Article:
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## What is flexural strength?

Flexural strength is a material property, Which is defined as “the maximum stress in a material just before it yields in a bending test”. Flexural strength is also known as bending strength or transverse rupture strength.

When a specimen like a beam or a rod, is bent it undergoes or experiences a variety of stresses across its depth. At the inside of the bend, the stress will be at its maximum compressive stress, while at the opposite side the stress will be at its maximum tensile stress value.

These inner and outer edges of the specimen are called extreme fibers. Most materials fail due to tensile stress before they fail under compressive stress. This is caused by small defects of various sizes at the surface, which will grow under tensile stress.

Therefore the maximum tensile stress value under bending before the beam or rod fails is considered its flexural strength.

## Flexural strength Test

There are mainly two types of flexural strength tests are present, A long rectangular sample of the material is supported at its ends, so there is no support in the middle, but the ends are sturdy. A load or force is then applied to the middle section until the material breaks. which are explained in detail below.

Flexural strength test types:

- Three-point flexural strength test
- Four-point flexural strength test

### Three-Point flexural Test

In a **three-point** bending strength test, a continually increasing load is applied at the center of the sample till there is a breakage or permanent bend in the material. A flexural test machine can apply increasing amounts of force and precisely record the amount of force at the point of breaking.

### Four-Point Test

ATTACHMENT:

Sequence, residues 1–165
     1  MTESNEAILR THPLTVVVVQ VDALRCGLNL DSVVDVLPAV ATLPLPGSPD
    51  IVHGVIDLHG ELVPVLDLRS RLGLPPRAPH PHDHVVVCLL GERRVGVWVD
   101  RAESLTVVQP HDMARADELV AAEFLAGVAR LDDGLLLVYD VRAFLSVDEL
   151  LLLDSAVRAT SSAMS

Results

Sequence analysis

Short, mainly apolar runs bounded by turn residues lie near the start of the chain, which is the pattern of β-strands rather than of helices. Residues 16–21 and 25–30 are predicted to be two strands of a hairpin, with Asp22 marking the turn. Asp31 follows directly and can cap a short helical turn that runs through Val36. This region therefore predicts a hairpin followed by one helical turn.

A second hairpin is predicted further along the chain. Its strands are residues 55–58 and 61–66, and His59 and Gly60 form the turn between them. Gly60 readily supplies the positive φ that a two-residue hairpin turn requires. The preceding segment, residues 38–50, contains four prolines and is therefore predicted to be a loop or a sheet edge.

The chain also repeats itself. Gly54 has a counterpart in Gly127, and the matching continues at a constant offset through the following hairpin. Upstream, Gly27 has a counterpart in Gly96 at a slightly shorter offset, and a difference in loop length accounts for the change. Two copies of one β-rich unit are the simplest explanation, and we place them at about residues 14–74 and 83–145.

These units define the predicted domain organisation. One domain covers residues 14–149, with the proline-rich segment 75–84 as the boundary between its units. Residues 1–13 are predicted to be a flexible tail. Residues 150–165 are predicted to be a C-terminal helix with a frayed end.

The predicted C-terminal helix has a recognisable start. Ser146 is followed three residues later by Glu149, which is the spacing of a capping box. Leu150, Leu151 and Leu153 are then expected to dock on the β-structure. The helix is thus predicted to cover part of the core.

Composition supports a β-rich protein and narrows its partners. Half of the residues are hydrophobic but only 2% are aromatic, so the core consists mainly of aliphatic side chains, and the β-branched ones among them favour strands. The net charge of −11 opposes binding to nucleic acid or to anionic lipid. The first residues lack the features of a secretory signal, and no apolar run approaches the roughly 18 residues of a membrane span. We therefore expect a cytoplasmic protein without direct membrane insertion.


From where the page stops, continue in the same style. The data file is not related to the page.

A **four-point** bending test is very similar to a three-point test, But except the load is applied at two points simultaneously, again towards the center of the sample. It’s easiest to calculate the flexural strength when one load or force is applied one-third of the way between the supports and the second is applied two-thirds of the way between them. So in this example, the middle third of the sample would have forces applied at either side of it.

### Three-Point Test Flexural Strength Calculation

For a three-point test, the flexural strength (given the symbol **σ**) can be calculated using:

**σ = 3FL / 2wd ^{2}**

This might look scary at first, but once you know what each symbol means, it’s quite a simple equation to use.

**F** means the maximum force applied, **L** is the length of the sample, **w** is the width of the sample and **d** is the depth of the sample. So to calculate the flexural strength (**σ**), multiply the force by the length of the sample, and then multiply this by three. Then multiply the depth of the sample by itself (i.e., square it), multiply the result by the width of the sample and then multiply this by two. Finally, divide the first result by the second.

In SI units, lengths, widths, and depths will be measured in meters, while force will be measured in newtons, with a result in pascals (Pa), or newtons per meter squared. In Imperial units, lengths, widths, and depths will be measured in inches, and force will be measured in pounds-force, with a result in pounds per square inch.

### Four-Point Test Flexural Strength Calculation

The four-point test uses the same symbols as the three-point test calculation. But with the assumption that the two loads or forces are applied so they split the sample into thirds, it looks much simpler:

**σ = FL / wd ^{2}**

Note that this is exactly the same as the flexural stress formula for three-point tests, but without the factor of 3/2. So simply multiply the force applied by the length, and then divide this by the width of the material multiplied by the depth of it squared.

**Also Read** **– **Pre-stressed concrete -Types of Pre-stressed concrete systems